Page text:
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General Principle:

Where a donor had manifested an immediate and irrevocable intention to donate shares to another, signed a transfer form to this effect and instructed an agent to complete the transfer of the legal title to shares in a private company, the donor can no longer deny the interest acquired by the donee.


Pennington v Waine [2002] EWCA Civ 227


Ada Crampton wanted to transfer 400 of her shares in a company to the second defendant- her nephew Harold Crampton- and to make him a director thereof which, under the articles of association, required the second defendant to hold at least one share in the company. Ada signed a share transfer form and the company's auditors wrote to the second defendant to inform him of the share transfer and asking that he complete the prescribed form of consent to act as a director. The second defendant signed the form and it was countersigned by Ada. The signed share transfer form was retained by the auditors and was not sent to the second defendant. Ada died having executed a will in which she made specific gifts of the balance of her shareholding but made no mention of the 400 shares. In an action brought by the executors of Ada’s estate the fifth and sixth defendants, who were residuary beneficiaries under the will, sought a determination of whether there had been a valid equitable transfer of the shares.


The Court held that since the gift of 400 shares became effective when Ada signed the transfer form there was no requirement for the form to be delivered to either the second defendant or the company in order to make the gift complete, and the shares did not form part of C's residuary estate. As Arden LJ has put it in this case:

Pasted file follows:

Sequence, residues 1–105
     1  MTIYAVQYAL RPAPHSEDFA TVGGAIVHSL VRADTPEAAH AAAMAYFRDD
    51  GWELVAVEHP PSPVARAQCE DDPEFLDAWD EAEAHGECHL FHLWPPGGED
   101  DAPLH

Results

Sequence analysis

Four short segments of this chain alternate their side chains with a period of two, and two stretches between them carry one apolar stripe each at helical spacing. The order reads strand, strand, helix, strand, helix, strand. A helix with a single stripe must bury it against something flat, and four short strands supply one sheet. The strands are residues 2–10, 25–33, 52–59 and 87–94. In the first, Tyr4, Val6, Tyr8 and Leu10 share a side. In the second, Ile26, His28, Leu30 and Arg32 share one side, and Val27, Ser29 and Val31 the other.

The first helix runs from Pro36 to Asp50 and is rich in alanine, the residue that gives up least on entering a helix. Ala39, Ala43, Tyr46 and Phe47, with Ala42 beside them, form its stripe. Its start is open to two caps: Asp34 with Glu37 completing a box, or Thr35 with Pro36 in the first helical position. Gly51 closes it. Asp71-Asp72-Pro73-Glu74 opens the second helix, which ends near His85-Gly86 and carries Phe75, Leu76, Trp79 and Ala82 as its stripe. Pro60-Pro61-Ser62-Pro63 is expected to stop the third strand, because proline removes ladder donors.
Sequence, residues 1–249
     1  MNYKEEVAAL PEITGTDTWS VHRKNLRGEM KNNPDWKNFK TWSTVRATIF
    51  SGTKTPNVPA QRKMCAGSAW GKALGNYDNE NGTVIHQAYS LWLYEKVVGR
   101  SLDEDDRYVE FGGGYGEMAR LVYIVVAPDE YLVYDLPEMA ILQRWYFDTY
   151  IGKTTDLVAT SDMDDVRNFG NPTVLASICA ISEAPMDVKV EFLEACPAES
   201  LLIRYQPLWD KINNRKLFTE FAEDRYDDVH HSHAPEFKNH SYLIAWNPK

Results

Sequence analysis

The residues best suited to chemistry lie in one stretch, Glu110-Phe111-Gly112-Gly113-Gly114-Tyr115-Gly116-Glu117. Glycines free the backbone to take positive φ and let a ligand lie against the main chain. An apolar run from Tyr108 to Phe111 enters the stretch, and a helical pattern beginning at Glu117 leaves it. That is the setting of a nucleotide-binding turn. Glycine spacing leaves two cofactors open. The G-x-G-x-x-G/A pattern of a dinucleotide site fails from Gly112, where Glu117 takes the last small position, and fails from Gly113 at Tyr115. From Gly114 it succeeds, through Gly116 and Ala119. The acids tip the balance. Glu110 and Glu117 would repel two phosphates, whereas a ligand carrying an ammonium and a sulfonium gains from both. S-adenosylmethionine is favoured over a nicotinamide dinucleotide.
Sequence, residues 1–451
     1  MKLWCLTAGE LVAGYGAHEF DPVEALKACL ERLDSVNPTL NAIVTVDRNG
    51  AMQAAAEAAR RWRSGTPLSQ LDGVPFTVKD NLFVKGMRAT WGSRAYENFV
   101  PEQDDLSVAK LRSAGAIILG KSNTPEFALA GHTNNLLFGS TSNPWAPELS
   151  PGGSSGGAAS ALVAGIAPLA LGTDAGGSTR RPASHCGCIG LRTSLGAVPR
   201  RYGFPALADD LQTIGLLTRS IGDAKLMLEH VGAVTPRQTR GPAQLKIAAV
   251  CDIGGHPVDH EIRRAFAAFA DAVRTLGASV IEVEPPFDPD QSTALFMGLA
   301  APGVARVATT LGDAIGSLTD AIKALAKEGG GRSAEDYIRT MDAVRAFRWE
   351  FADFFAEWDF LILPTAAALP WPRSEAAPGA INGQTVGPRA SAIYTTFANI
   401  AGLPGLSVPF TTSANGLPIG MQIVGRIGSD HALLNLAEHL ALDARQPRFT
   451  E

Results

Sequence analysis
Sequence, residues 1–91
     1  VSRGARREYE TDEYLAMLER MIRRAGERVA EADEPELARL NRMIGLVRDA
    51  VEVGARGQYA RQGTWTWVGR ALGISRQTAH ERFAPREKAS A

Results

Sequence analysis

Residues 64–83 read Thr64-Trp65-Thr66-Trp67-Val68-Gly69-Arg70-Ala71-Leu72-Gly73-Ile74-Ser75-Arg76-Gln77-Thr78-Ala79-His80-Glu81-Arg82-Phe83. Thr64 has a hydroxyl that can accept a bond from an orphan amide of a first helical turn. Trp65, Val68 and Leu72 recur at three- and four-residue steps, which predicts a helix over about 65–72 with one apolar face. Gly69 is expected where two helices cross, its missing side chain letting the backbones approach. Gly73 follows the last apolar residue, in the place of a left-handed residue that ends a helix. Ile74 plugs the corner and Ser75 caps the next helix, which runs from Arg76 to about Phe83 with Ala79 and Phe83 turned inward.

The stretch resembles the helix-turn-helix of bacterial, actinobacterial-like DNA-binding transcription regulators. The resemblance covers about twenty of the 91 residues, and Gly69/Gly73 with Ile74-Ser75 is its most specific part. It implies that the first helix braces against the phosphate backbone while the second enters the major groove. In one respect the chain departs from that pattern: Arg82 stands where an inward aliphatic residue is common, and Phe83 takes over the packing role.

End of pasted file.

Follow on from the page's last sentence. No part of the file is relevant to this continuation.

“Thus explained, the principle that equity will not assist a volunteer at first sight looks like a hard-edged rule of law not permitting much argument or exception. Historically the emergence of the principle may have been due to the need for equity to follow the law rather than an intuitive development of equity. The principle against imperfectly constituted gifts led to harsh and seemingly paradoxical results. Before long, equity had tempered the wind to the shorn lamb. It did so on more than one occasion and in more than one way.”

Clarke LJ said in Pennington v Waine:

“Lord Browne-Wilkinson highlighted the contrast between the maxim that equity

will not aid a volunteer and the maxim that it will not strive officiously to defeat a

gift. It seems to me that if equity refuses to aid Harold on the facts of this case,

it will prefer the former maxim to the latter, whereas all the circumstances of the

case lead to the conclusion that it should give effect to the gift which Ada



Where the donor has done everything he could to express his intention of transfer to the donee; he is no more permitted to deny the interest acquired by the donee.

Pennington v Waine


In Pennington v Waine (2002), it was held that equity will regard the gift as complete if the stage has been reached where it would be unconscionable for the donor to withdraw. In Curtis v Pulbrook (2011), it was held that Pennington was a case of proprietary estoppel; where the donee has acted to his detriment in reliance on an assurance, the donor cannot withdraw.

Pennington v Waine

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